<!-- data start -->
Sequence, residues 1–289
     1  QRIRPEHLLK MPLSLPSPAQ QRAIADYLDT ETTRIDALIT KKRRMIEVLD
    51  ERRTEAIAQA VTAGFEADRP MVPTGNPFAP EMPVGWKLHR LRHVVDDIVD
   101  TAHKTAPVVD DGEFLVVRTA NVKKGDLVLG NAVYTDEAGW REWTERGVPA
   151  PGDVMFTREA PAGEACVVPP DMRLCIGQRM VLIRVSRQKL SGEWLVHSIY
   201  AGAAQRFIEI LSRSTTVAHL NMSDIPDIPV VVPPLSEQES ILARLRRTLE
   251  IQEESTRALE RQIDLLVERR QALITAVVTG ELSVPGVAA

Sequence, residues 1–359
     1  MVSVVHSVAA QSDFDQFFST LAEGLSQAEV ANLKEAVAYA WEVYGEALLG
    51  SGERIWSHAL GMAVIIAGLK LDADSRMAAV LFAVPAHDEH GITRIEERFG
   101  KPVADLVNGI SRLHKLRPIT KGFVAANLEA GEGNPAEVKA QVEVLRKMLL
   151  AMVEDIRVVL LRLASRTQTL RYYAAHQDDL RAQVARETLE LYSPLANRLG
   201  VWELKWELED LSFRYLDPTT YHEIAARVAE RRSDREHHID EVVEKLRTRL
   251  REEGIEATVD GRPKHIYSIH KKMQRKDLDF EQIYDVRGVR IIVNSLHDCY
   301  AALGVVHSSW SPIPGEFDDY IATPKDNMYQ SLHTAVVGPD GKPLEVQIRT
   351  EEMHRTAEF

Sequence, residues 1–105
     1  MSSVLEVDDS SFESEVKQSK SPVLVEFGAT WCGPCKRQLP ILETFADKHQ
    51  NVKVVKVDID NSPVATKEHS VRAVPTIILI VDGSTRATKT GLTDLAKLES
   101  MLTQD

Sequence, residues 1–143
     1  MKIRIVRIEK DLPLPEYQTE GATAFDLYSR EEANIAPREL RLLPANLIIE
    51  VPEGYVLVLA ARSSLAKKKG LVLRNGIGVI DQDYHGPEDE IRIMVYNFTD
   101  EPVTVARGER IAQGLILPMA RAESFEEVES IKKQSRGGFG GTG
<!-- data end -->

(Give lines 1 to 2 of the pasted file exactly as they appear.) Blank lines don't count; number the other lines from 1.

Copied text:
Sequence, residues 1–289
     1  QRIRPEHLLK MPLSLPSPAQ QRAIADYLDT ETTRIDALIT KKRRMIEVLD